Citizens of London

Citizens of London Author Lynne Olson
ISBN-10 9781588369826
Year 2010-02-02
Pages 496
Language en
Publisher Random House
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The acclaimed author of Troublesome Young Men reveals the behind-the-scenes story of how the United States forged its wartime alliance with Britain, told from the perspective of three key American players in London: Edward R. Murrow, the handsome, chain-smoking head of CBS News in Europe; Averell Harriman, the hard-driving millionaire who ran FDR’s Lend-Lease program in London; and John Gilbert Winant, the shy, idealistic U.S. ambassador to Britain. Each man formed close ties with Winston Churchill—so much so that all became romantically involved with members of the prime minister’s family. Drawing from a variety of primary sources, Lynne Olson skillfully depicts the dramatic personal journeys of these men who, determined to save Britain from Hitler, helped convince a cautious Franklin Roosevelt and reluctant American public to back the British at a critical time. Deeply human, brilliantly researched, and beautifully written, Citizens of London is a new triumph from an author swiftly becoming one of the finest in her field.

Citizens of London

Citizens of London Author Lynne Olson
ISBN-10 9780385669399
Year 2011-05-03
Pages 496
Language en
Publisher Anchor Canada
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While justly acclaimed as the closest, most successful military partnership in history, the "special relationship" forged between the United States and Britain during World War II was anything but the inevitable alliance it appears to be in hindsight. As the countries of Western Europe fell one by one to Hitler, and Britain alone resisted him, aid from the U.S. was late, expensive, and reluctantly granted by an isolationist government that abhorred the idea of another world war. Citizens of London is the behind-the-scenes story of the slow, difficult growth of the Anglo-American wartime alliance, told from the perspective of three key Americans in London who played vital roles in creating it and making it work. In her close-focus, character-driven narrative, Lynne Olson, former White House journalist and LA Times Book Prize finalist for her last book, Troublesome Young Men, sets the three Americans - Averell Harriman, Edward R. Murrow, and John Gilbert Winant - at the heart of her dramatic story. Harriman was the rich, well-connected director of President Roosevelt's controversial Lend-Lease program in which the U.S., a still neutral country, "loaned" military equipment to the UK; Murrow, the handsome, innovative head of CBS News, was the first person to broadcast over live, on-location radio to the American public, and Winant, the least known but most crucial of the three, was the shy former New Hampshire governor who became the new U.S. ambassador to England after Joseph Kennedy quit the post and fled the country as bombs rained down around him. Citizens of London opens in 1941 at the bleakest period of the war, when Britain withstood nine months of nightly bomb attacks and food and supplies were running out as German ships and U-boats had the island nation surrounded. Churchill was demanding and imploring FDR to help, but the U.S. did its best to ignore England's desperate plight. It was the work of these three key men, Olson argues, that eventually changed American attitudes. So above all this is a human story, focusing on the individuals who shaped this important piece of history. Key to the book is the extremely close relationship between Winston Churchill and the three Americans, and indeed, so intimate were their ties that all three men had love affairs with women in Churchill's family. Set in the dangerous, vibrant world of wartorn London, Citizens of London is rich, highly readable, engrossing history, the story of three influential men and their immediate circle who shaped the world we live in. From the Hardcover edition.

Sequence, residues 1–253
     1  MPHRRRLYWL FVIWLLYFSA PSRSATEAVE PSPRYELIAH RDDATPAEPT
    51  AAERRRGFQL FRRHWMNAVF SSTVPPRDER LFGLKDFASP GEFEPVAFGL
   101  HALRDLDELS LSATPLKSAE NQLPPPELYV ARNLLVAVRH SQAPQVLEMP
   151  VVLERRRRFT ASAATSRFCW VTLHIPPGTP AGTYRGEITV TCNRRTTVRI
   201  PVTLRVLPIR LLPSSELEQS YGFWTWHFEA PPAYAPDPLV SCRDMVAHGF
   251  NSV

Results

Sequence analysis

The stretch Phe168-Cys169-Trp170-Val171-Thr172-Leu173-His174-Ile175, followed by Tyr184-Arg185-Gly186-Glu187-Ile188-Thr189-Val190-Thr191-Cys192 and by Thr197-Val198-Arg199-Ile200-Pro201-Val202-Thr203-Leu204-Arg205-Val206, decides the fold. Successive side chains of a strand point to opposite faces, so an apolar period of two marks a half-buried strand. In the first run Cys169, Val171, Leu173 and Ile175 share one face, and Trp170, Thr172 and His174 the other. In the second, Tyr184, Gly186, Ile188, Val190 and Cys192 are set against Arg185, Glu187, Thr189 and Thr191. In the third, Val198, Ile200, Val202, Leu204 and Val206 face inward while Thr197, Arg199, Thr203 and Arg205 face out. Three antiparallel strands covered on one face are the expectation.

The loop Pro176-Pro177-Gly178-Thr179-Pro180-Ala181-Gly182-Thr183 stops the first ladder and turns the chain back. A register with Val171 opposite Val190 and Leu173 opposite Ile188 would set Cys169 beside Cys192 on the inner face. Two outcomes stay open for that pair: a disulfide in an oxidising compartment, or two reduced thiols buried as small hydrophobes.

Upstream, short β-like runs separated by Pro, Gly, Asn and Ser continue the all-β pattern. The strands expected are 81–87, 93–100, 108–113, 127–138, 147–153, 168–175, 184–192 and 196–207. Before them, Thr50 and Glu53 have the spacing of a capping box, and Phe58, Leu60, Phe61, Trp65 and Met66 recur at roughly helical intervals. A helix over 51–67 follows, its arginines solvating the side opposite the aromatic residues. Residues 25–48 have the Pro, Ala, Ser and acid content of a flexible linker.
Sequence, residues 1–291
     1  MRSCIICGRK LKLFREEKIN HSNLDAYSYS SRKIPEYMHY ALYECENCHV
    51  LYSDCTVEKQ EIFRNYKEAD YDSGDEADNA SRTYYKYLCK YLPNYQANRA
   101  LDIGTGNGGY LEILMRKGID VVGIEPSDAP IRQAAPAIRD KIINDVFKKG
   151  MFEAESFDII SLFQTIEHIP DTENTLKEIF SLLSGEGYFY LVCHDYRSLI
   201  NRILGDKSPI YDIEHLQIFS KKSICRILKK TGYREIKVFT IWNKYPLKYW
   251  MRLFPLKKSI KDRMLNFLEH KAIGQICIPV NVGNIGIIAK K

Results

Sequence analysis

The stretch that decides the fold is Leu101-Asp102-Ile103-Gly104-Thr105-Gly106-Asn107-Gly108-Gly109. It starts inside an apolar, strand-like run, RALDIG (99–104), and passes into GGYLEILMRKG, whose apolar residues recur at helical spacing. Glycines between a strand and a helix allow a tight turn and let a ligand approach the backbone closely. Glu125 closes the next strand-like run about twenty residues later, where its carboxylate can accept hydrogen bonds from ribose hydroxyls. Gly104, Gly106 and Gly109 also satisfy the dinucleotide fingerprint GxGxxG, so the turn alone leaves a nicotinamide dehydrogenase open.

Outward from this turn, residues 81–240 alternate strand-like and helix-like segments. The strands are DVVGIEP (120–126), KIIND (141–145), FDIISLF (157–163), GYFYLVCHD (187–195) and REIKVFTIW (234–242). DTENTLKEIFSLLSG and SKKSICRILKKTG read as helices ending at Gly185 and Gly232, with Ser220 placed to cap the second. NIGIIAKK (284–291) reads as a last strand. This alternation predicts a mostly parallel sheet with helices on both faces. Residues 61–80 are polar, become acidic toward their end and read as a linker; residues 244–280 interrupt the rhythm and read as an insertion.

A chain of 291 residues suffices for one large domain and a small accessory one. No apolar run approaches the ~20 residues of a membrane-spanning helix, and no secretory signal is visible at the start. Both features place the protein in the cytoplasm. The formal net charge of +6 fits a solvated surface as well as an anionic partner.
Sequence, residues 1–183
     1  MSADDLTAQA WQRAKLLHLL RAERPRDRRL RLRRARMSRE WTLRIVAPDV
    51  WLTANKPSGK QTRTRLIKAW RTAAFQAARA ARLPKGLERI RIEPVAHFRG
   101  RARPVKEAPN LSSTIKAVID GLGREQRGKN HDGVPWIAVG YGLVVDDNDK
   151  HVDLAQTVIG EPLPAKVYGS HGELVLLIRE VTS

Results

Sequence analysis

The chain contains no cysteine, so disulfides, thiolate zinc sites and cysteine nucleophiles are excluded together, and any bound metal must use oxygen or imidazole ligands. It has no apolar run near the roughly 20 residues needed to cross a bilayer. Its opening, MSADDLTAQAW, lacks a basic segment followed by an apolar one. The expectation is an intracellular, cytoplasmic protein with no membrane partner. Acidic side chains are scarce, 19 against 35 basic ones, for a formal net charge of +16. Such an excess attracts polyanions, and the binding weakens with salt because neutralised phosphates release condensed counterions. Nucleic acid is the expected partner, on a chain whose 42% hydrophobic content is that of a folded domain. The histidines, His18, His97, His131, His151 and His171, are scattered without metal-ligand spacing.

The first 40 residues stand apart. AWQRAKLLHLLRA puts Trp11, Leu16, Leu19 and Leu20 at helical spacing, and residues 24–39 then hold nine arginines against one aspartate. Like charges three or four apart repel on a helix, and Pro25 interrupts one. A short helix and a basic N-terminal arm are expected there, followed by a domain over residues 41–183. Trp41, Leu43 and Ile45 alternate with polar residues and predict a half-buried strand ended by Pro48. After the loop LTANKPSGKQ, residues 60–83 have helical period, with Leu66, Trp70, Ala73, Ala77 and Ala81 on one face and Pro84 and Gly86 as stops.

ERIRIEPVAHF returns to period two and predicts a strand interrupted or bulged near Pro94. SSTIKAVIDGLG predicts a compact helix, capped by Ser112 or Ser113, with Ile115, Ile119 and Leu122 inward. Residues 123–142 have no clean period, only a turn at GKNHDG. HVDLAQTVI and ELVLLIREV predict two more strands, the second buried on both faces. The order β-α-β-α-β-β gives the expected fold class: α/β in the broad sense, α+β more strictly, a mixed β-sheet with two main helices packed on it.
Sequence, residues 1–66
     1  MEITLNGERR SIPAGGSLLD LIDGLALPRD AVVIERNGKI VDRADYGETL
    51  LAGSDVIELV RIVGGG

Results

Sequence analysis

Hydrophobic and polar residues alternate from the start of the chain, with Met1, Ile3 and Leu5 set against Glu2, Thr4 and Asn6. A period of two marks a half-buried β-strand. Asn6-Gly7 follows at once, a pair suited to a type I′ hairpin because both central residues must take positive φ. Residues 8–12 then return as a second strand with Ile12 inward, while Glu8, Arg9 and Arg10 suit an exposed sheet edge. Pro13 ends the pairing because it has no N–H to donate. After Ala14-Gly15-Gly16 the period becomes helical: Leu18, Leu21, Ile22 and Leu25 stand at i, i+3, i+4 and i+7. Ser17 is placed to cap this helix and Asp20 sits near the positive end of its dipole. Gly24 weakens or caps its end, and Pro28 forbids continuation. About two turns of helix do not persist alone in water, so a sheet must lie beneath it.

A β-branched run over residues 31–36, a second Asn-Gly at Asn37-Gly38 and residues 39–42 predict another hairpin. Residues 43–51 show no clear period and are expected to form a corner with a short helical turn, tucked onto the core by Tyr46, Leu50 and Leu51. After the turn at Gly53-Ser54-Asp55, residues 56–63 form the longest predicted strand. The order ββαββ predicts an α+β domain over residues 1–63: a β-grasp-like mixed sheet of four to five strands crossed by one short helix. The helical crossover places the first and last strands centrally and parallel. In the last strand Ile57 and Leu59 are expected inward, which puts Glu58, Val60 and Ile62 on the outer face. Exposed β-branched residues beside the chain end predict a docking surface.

Citizens of London

Citizens of London Author Lynne Olson
ISBN-10 9780385669382
Year 2010-02-02
Pages 496
Language en
Publisher Bond Street Books